After the failures of July, McConnell is going to own the outcome of a vote on Graham-Cassidy one way or the other.

3) No Republican senators bolt from the bill

Senate Republicans have already shown it’s easy to get 45 or so votes for an Obamacare repeal bill. So-called “skinny” repeal — the last plan that the Senate voted on in late July — got 49.

So the first step to 50 for Cassidy-Graham is not losing any unexpected votes. That could theoretically be a challenge. Under the bill’s block grant formula, there will be some clear winners and losers among the states. Based on an early analysis from the left-leaning Center on Budget Policy and Priorities, states like Ohio, West Virginia, and Arizona — all represented by Republican senators who have at times expressed some apprehension about the various repeal plans — would lose hundreds of millions, or even billions, of dollars under the block grant.

More state-by-state analyses will be released in the coming days. Cassidy’s office is producing its own numbers, in hopes of assuaging any jittery senators.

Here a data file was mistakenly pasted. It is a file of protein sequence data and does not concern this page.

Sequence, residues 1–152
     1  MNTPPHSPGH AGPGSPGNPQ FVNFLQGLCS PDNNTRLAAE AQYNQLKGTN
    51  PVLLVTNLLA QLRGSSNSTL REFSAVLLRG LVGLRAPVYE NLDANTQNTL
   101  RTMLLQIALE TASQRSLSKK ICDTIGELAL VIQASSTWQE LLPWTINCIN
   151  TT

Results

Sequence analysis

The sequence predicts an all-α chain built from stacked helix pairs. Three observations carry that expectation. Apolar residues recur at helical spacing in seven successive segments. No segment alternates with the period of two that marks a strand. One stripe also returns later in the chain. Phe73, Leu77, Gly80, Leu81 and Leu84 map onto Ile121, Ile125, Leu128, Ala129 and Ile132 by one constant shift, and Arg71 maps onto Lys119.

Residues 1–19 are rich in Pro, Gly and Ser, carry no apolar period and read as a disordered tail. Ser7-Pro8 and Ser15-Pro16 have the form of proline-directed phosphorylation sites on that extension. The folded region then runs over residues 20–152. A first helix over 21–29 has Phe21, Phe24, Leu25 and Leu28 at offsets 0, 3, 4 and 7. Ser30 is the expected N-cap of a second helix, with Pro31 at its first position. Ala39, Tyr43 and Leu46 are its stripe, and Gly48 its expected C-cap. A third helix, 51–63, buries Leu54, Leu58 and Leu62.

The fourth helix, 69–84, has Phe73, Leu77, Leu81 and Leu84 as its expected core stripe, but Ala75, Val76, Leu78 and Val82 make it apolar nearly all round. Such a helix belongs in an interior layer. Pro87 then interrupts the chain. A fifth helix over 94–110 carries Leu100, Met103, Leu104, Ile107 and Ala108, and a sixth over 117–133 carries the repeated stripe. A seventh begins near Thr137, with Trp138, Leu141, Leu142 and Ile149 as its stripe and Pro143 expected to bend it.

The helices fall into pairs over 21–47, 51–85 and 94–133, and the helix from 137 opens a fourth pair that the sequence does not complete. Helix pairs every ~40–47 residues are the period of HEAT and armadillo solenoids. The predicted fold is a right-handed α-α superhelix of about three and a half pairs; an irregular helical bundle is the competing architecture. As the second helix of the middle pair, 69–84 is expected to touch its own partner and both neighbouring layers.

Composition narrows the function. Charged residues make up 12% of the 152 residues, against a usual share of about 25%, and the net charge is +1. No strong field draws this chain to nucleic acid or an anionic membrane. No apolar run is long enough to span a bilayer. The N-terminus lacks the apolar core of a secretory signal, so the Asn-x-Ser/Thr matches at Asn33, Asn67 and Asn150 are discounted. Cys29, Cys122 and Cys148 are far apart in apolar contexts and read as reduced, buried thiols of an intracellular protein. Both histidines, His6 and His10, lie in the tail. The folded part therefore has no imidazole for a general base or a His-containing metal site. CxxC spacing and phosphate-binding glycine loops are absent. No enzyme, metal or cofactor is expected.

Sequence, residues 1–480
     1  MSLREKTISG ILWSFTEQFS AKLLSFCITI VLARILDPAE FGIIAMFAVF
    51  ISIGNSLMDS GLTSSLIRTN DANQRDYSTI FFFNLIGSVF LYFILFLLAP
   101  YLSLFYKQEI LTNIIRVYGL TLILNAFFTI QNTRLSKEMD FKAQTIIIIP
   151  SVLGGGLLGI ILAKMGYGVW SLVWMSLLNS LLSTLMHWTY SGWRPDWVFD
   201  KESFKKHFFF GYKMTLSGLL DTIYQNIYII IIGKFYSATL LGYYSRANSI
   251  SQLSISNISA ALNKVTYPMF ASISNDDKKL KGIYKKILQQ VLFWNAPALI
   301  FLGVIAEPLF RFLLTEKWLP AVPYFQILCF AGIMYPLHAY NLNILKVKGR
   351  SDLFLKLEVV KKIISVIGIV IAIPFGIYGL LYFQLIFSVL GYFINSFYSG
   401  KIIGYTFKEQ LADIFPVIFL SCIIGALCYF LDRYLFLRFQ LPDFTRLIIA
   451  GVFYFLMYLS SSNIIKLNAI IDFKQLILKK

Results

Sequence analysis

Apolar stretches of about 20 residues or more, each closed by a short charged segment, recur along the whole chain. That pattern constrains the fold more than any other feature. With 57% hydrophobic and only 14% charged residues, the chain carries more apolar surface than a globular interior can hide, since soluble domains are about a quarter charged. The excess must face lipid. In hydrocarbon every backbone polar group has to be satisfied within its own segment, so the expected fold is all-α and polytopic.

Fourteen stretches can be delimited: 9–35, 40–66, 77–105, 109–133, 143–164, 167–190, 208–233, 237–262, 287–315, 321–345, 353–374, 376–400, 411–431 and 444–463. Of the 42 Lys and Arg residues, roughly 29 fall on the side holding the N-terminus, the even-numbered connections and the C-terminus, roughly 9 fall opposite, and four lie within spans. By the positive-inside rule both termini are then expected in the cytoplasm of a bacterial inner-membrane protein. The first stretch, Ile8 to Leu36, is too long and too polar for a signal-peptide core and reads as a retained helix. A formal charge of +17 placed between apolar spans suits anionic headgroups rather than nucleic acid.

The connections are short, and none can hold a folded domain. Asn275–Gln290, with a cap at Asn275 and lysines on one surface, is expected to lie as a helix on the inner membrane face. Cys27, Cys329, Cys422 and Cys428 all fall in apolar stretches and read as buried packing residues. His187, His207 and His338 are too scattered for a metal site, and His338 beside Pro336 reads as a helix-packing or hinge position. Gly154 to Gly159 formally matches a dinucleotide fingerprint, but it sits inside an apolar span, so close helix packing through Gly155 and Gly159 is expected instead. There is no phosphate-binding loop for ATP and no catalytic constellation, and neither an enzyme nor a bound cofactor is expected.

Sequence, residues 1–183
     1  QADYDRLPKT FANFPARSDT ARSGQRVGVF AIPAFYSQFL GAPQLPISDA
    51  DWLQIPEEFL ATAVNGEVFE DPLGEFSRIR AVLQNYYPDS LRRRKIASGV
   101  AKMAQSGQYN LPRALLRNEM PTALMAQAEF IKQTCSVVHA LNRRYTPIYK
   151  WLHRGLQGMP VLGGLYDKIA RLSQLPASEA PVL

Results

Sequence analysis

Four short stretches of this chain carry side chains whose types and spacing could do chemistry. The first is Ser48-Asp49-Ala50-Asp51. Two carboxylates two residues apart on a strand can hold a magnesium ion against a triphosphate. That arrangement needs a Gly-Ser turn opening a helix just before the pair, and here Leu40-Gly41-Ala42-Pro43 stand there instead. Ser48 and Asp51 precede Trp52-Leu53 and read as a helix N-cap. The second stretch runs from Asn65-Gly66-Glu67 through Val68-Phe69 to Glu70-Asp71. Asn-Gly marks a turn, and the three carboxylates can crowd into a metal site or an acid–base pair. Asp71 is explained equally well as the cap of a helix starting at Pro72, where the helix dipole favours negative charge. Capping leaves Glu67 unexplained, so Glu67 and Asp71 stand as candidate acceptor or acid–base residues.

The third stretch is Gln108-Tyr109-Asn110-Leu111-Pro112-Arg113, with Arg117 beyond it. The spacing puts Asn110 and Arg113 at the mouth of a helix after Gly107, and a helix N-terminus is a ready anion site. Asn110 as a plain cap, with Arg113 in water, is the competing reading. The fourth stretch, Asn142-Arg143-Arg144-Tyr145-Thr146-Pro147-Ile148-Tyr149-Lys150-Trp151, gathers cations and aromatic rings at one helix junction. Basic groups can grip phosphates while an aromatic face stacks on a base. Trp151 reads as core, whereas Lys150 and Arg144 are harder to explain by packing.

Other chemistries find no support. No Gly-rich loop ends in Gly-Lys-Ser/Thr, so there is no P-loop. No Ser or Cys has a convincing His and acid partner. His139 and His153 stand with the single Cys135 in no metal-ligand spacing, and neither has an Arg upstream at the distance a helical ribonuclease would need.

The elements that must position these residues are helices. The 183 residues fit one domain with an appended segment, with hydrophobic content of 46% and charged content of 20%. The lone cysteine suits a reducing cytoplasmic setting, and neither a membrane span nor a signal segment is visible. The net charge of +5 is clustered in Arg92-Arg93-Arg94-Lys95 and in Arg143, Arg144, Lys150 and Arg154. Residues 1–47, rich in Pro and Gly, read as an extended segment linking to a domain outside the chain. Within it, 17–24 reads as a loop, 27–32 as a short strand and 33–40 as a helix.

“I’m trying to get the numbers for West Virginia,” Sen. Shelley Moore Capito (R-WV), one of those potential swing votes, told me Thursday. She did add of the bill: “I think the flexibility piece is something that’s very attractive.”

The path to 50 — remember there are only 52 Republican senators, so Cassidy and Graham can only lose two of their own members — starts with not losing any unexpected votes. They haven’t so far, but it will be something to watch closely as expert analyses roll in and senators start to hear back from their states.

As long as they hold on to senators like Capito and Ohio’s Rob Portman, who represent states that could see funding cuts under Cassidy-Graham, the bill should be within striking distance of a majority.

4) Some swing votes break in favor of the plan

Assuming there are no surprise “no” votes, the legislation must still pick up a few votes to get to 50. There are four senators in particular whose votes seem most in doubt:

  • Sen. Susan Collins (R-ME)
  • Sen. Lisa Murkowski (R-AK)
  • Sen. Rand Paul (R-KY)
  • Sen. John McCain (R-AZ)

Cassidy-Graham must win two of those four — and not lose any others — to get a majority and pass the Senate.

McCain famously cast the decisive vote to strike down “skinny” repeal in late July, saying at the time that Republicans shouldn’t ram through a partisan bill but should instead produce a bipartisan plan through regular order.

Nevertheless, he seems the most likely to flip. Graham is his closest friend in the Senate, and McCain has said some positive things about the bill’s concept. If Arizona Gov. Doug Ducey, whom McCain has deferred to throughout the debate, endorses the bill, that might be enough justification for the senator to come around.